Pseudopod formers — SATURDAY, Dec. 19 2003 — McCarthy cohort / Intraclub competition rankings / Casting device / Melliferous perhaps
Saturday, December 19, 2009
Constructors: Tyler Hinman and Byron Walden
Relative difficulty: Challenging
Word of the Day: QUI VIVE (15A: Alert) — n. A sentinel's challenge.
Idiom: on the qui vive — On the alert; vigilant: "a loathsome Dublin politico who is on the qui vive for . . . terrorists" (Julian Moynahan).
Found this very tough but not very entertaining. Love the (astonishingly timely) central crossing answers — ORAL ROBERTS (17D: "The Call" autobiographer) just died this past week and the CRIMSON TIDE (33A: Tigers' rival in the Southeastern Conference) will play for a National Championship in January (RB Mark Ingram just became the first player from that school — Alabama — to win the Heisman Trophy). The rest of the grid was mostly a chore, with all of the attempted entertainment in the clues, which were often too cute by half. I like a tough puzzle, but when the answers are mostly dull and the clues are so consciously forced into the realm of trickery and obscurity, then I start to lose the will to solve. Take little stuff like 21A: Cal ___ and 15D: Chili con ___ (Tex-Mex dish). My first guesses were TECH and CARNE, and there's no way I'm alone on that. I don't mind traps in general, but many of these clues were just screaming "trap!" But then when I would get the answers, there'd be no "AHA" or "WOW" moment. Just ... "huh, OK." None of the interlocking 15s did anything for me (though, again, some of the cluing is mighty imaginative, esp. on 10D: Thread used in briefs). The entire west coast was a slow, painful slog, mainly because I could not see the (seemingly redundant) FINAL in FINAL RESOLUTION (51A: Very end of a conflict) so the lower left section was a gaping hole. I mean ... I needed OCARINA (35D: Light wind) just to get into the SW, and I didn't even *know* OCARINA until I learned it (the hard way) at the 2008 Tournament.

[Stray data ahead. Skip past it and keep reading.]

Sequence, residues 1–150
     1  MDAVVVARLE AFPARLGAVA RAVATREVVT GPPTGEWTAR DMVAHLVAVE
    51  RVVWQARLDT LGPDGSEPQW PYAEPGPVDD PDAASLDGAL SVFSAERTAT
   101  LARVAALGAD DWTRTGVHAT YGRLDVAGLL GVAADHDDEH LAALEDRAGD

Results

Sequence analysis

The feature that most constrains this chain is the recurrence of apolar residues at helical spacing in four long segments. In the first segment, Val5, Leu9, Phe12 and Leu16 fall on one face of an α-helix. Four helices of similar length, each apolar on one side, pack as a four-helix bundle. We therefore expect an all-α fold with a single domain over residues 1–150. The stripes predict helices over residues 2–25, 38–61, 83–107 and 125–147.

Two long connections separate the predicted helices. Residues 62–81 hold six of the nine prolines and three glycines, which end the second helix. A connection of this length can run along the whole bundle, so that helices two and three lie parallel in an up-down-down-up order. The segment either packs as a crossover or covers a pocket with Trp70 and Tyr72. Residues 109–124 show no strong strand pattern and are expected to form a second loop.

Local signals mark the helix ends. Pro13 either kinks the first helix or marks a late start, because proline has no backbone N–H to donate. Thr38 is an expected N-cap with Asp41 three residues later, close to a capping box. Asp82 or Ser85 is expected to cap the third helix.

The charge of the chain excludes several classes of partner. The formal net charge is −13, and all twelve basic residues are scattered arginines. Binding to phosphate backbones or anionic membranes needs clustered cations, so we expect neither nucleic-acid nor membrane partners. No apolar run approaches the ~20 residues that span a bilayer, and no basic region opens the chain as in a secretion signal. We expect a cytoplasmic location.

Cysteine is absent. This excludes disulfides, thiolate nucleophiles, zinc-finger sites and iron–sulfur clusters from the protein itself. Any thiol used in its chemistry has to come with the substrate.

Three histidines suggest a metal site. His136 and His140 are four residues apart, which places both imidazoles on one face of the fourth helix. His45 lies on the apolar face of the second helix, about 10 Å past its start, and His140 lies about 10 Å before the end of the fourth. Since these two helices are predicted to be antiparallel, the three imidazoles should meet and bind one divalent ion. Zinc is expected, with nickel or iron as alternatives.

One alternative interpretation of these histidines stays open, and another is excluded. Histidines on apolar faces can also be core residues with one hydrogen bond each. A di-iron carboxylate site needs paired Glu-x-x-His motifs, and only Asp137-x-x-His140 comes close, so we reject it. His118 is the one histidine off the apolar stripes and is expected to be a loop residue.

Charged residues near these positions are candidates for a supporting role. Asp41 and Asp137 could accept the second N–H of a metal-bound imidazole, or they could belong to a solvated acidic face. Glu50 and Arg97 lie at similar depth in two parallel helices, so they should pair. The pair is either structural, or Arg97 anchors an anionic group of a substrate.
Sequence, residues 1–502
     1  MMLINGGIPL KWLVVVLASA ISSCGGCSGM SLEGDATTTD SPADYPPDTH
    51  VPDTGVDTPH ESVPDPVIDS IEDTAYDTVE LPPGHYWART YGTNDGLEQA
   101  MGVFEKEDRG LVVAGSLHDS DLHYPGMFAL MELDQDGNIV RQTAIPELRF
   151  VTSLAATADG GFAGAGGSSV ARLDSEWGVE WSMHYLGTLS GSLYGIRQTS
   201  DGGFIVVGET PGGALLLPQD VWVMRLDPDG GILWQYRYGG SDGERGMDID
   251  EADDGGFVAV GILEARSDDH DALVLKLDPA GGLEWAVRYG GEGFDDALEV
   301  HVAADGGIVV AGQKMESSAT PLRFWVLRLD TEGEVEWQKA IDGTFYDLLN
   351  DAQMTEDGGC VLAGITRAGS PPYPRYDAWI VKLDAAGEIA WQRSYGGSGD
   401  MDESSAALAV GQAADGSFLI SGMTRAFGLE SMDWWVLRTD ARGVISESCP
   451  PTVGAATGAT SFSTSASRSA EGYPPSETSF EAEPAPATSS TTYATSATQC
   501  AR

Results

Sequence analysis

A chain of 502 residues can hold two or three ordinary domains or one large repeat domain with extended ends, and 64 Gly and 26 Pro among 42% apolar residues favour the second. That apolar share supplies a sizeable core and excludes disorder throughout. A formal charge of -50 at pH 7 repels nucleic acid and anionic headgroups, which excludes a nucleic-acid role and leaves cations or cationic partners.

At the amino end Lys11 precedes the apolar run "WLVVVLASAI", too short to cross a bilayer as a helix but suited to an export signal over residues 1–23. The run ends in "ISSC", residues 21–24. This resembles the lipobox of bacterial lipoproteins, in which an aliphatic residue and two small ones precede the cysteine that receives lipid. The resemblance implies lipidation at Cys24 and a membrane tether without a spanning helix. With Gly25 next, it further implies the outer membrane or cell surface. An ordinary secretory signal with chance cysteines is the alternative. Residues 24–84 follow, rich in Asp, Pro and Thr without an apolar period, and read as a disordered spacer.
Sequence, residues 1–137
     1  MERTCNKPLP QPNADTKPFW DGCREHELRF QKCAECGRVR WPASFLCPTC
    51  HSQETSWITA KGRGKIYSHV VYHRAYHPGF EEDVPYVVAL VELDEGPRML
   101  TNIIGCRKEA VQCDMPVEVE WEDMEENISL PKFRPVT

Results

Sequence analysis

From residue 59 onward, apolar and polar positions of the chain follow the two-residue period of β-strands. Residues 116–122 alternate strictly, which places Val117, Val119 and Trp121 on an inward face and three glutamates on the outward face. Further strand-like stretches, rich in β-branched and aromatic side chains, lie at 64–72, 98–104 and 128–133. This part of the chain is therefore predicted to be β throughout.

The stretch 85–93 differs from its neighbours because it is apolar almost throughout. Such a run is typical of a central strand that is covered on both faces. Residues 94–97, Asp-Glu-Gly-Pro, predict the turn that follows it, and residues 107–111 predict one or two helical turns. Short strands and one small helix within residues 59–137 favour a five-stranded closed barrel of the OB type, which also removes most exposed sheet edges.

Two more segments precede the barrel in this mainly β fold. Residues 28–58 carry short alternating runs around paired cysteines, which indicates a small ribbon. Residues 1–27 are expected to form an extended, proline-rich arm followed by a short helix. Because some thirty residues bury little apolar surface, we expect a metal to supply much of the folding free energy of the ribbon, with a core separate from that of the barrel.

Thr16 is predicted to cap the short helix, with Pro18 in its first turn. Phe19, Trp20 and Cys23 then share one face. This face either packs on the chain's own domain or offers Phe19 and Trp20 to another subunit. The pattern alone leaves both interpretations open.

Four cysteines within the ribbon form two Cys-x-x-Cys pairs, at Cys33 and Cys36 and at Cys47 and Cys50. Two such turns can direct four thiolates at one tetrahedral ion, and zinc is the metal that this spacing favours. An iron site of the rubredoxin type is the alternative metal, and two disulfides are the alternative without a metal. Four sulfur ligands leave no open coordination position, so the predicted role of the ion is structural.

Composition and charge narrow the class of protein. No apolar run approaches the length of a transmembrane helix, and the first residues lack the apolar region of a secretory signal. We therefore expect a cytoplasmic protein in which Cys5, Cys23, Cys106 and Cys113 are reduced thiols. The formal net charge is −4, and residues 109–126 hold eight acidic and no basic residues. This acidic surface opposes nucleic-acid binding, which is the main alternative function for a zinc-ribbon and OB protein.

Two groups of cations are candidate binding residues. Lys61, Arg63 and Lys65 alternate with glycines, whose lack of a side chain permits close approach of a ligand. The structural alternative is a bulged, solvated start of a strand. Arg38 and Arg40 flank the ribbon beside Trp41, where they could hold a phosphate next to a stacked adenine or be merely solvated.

[HORRIBLE TECHNICAL ERROR — I somehow deleted a chunk of text in here and cannot retrieve it .... attempting reconstruction. #$@#$!@!!!!! me.]
My failure to connect with today's puzzle is especially surprising, given that I can't remember ever not liking a puzzle by either of today's constructors. But after I crossed ORAL ROBERTS and CRIMSON TIDE, there just wasn't a lot of fun to be had. I wanted ECSTASY (23D: Transcendent state), but all I got was ... a TRIM DIE (22D: Casting device). Thanks, Santa.
Admittedly, some of my problem was my own damned ignorance, or pseudo(pod?!) ignorance — you know, not utter ignorance, but near-complete ignorance supplemented by a hazy ability to remember prior crosswords and make educated guesses. Take the NW. I couldn't do anything with 13A: Pseudopod formers, but then later, I guessed AMOEBAS, because it *felt* right. And it was. Same thing with 5D: Host of PBS's "Heritage: Civilization and the Jews" (Eban). Nothing, and then later ... "Hey, isn't there some famous Jewish guy named EBAN?" Yes, sure, try that. That's called "stumbling your way to victory." Yikes. Most maddening thing about the puzzle as having seen "Roger & Me" several times and having No Bleeping Idea what 18A / 4D could be (18A: With 4-Down, "Roger & Me" subject => URBAN DECAY). It's a very valid answer, but man I was racking my brain, recounting the plot, trying to think of "figures" (i.e. people, dead rabbits, something) from that movie. FLINT, MICH ... no. ROGER ... no, that can't be right. MICHAEL ... MIKE ... man. That NW was just ... like being in a painful ARMLOCK (26A: Hold in a ring). I still can't quite wrap my head around the clue at 1A: Intraclub competition rankings (ladder). So in ... some kind of club ... there is a competition ... is this tennis? I think so. How are LAY-UPS "standard" (1D: Standard buckets)? They are (comparatively) easy, but "standard" seems a (very) wrong adjective to apply to them. They aren't the most common type of "bucket" made in an "standard" NBA game, so this cluing is irksome — tries to be tricky (let's see how many definitions of "Standard" and "buckets" we can make them think of!) and ends up being just clunky.